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Butterboard's TikTok food craze kicks off, horrified nutrition experts

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Butterboard, charcuterie’s polarizing stepchild, has taken TikTok to new food craze heights, as some fearsome safety and nutrition experts see it. Towards the end, the board offers a quick, cheap alternative to the meat- and fancy-cheese-laden OG, even though a projected winter butter shortage in the U.S. could drive up prices and make it harder to find. It’s landing on the table as a great alternative…at the supermarket.

“I wish they would leave. The idea of ​​smearing something on a wooden board and smearing it with other food and then sharing it with others for everyone to soak in. It’s bacteria heaven.” said Laura Cipro, a registered dietitian in New York City.

Justine Doiron, who creates food content on TikTok and Instagram as @justine-snacks, kicked off her butter board party on September 15th. She topped with edible flowers and more.

She got the idea for butter on a wooden board from Chef Joshua McFadden’s 2017 cookbook with Martha Holmberg, Six Seasons: New Ways to Vegetables.

Doiron told the Associated Press: “You’re very creative with it and people are always looking for something they’ve never seen before. An easy way to enjoy food.”

Side note: She has a plant named Butter.

Dwaron went viral for her busy butterboard and hand swiping slices of thick, crusty bread. is being played. Searches related to this topic have reached 10 billion times for him on the platform, and his pile of butter garnished on Instagram is also gaining momentum.

And the board itself has spawned sweet sister versions, vegan cousins, and ice cream aunts and uncles.

Magnolia Bakery posted a video of it expertly spreading buttercream frosting on a cake stand and swiping cookies, brownies, rainbow sprinkles, and other goodies. Instead of full participation, toothpicks were used. Ben & Jerry’s shot a frozen version.

Private Chef is a frequent request from clients looking for a spread on board. Kevin Hart’s Los Angeles chef Kai Chase created several boards for him as a splurge.

Some eateries have buttered the board for years, but Magnolia has no plans to sell its own board. As one Bobby Lloyd said:

Doiron has some regrets about the butter board, but while she treats meals wisely, she’s reluctant to put “yay on someone’s yum.”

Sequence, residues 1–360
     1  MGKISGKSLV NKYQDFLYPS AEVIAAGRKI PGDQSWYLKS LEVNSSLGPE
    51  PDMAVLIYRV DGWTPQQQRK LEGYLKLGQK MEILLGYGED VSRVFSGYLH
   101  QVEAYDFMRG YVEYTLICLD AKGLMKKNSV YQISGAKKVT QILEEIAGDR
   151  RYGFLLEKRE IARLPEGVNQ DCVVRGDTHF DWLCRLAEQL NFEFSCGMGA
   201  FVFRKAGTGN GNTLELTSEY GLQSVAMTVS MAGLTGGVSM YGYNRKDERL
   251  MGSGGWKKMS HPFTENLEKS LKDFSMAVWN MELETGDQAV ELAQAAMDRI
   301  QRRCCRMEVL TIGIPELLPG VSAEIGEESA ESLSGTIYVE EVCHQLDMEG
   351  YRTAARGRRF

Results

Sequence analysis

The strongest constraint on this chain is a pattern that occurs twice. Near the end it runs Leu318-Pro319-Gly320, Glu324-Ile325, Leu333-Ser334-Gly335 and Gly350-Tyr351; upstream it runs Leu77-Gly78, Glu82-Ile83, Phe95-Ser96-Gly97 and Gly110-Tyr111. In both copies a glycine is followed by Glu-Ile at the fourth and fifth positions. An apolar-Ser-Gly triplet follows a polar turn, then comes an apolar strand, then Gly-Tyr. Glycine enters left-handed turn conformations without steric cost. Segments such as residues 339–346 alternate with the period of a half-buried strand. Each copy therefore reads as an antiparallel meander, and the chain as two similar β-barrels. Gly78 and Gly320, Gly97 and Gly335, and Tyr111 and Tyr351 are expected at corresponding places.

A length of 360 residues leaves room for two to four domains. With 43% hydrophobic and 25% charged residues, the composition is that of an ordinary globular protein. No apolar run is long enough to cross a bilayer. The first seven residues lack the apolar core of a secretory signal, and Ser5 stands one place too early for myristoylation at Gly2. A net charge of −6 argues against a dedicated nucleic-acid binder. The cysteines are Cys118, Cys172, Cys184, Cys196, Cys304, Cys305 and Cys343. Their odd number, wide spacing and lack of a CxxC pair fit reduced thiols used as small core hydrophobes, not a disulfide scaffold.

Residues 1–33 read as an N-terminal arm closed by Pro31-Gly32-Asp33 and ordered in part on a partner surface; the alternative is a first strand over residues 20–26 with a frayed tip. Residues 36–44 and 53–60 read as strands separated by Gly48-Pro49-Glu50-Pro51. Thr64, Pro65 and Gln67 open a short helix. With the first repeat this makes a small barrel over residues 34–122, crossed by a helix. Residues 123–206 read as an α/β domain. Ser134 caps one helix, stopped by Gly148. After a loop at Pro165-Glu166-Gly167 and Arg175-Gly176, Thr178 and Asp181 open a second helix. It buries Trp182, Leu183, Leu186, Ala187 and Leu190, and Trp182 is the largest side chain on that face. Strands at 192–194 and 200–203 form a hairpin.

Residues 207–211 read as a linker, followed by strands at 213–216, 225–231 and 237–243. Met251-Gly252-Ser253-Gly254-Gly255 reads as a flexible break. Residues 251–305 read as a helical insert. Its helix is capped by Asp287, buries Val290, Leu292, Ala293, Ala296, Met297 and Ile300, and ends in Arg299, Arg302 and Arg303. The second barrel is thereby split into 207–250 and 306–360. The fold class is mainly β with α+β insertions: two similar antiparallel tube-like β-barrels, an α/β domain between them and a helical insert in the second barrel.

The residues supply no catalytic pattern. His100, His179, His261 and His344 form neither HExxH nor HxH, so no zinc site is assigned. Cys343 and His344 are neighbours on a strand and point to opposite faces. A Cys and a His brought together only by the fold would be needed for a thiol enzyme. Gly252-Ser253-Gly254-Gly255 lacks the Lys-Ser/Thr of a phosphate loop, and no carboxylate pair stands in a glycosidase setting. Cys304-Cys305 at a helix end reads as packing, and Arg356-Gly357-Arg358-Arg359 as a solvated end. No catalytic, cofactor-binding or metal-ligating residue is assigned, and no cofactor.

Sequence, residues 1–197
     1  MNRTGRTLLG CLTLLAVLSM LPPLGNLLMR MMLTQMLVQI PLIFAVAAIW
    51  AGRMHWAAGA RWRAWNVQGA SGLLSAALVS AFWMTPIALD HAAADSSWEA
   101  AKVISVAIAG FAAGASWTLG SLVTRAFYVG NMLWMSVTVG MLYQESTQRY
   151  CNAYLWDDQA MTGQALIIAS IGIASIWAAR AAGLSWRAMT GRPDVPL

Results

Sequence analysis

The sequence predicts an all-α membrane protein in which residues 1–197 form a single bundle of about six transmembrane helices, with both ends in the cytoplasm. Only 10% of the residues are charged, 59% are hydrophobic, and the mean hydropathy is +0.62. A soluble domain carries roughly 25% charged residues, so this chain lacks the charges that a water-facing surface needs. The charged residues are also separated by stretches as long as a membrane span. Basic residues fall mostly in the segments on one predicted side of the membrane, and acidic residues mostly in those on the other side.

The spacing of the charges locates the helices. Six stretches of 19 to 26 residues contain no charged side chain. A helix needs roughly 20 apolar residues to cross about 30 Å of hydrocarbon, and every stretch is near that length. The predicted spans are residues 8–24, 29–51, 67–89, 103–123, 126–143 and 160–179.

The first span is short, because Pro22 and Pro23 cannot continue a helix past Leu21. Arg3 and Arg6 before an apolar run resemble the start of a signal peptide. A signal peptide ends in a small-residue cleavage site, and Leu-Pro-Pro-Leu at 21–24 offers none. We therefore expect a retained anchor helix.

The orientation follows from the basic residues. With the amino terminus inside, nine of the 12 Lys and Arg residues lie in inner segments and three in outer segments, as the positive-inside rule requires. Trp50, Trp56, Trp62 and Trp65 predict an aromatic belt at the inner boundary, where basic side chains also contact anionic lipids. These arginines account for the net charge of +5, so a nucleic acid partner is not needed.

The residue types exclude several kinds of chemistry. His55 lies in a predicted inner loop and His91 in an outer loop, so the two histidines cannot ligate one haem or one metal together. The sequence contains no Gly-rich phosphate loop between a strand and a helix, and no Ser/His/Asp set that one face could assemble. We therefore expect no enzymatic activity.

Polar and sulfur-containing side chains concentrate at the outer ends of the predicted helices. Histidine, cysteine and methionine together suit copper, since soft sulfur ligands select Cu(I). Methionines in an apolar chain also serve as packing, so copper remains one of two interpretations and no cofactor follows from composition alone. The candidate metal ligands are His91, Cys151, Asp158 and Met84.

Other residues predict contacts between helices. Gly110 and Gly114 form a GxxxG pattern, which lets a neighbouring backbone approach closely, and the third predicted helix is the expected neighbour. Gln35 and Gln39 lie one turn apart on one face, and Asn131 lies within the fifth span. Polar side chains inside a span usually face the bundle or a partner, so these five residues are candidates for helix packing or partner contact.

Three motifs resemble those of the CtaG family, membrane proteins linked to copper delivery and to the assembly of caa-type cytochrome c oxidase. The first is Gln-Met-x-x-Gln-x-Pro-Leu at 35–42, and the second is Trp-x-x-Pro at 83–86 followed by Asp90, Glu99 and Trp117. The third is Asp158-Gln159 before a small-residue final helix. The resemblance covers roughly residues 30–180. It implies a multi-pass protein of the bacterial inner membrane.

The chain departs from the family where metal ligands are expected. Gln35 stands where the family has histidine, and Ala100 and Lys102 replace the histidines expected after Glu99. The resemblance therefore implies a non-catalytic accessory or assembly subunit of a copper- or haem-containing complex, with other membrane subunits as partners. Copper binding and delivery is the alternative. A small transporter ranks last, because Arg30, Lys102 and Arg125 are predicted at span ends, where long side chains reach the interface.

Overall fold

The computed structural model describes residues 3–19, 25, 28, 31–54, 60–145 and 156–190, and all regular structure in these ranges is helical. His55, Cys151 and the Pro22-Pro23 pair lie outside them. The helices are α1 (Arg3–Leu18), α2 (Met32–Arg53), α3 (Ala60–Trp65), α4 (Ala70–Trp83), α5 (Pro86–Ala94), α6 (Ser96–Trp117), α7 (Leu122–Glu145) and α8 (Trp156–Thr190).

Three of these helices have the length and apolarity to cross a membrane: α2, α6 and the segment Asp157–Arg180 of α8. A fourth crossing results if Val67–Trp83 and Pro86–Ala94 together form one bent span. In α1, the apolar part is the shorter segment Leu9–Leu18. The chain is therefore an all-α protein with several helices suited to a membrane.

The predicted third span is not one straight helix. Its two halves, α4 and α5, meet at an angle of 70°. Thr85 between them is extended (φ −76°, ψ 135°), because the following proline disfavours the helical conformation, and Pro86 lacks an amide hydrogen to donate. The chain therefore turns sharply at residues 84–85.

“I prefer knives. The big mistake in my video was that I swiped because it was only 28 seconds. I’d let them serve, but it’s really a matter of personal preference,” she said.

Susie Cornell of Boca Raton, Florida, did her Yom Kippur fast by bringing a board of lox and cream cheese when her family got together with a small group of friends in early October. Assembling food on stones (in case) is attractive for a simple reason. So literally, I don’t cook. ”

Cornell ditched the joint swipe situation in favor of cutlery.

In Salina, Ohio, Emily Westerfield owns a small catering company that specializes in boards and bites. These days, boards covered in spreads and toppings are on the tongue of many clients.

“I get requests like crazy. A friend who hosts her book club asked for a cream cheese board because we’re meeting in the morning,” she said.

Darrin Detwiler, an assistant professor of food policy at Northeastern University and an expert in food industry regulation, believes that pathogens can be anywhere when it comes to butterboards. He said that the wooden boards would crack and those cracks could not be cleaned well enough.

Detwiler entered his field after losing his 16-month-old son in 1993 to an E. coli outbreak associated with contaminated beef at a Jack in the Box restaurant. More than 700 of his people in four states fell ill, and three of his other children also died.

“Personally, I use plastic plates that can be sanitized in the dishwasher,” he said. “The second hidden danger is the idea of ​​too many hands on butter boards. People think big. People don’t think about making small butter boards. I’m thinking of putting on a beautiful display, and if any of those hands aren’t washed, you’re just inviting chances.”

Los Angeles entertainment expert Paul Zahn has a workaround for that.

“Make individual jars and boards for your guests,” he said. “That way people keep their germs to themselves and you give them partial control.”

Some blame butter’s greasy nature in general and the almighty devil, bad cholesterol. Less flavorables are also used, including hummus.

“It’s a silly trend in a way,” said Lori Shemek, a nutritionist in Dallas.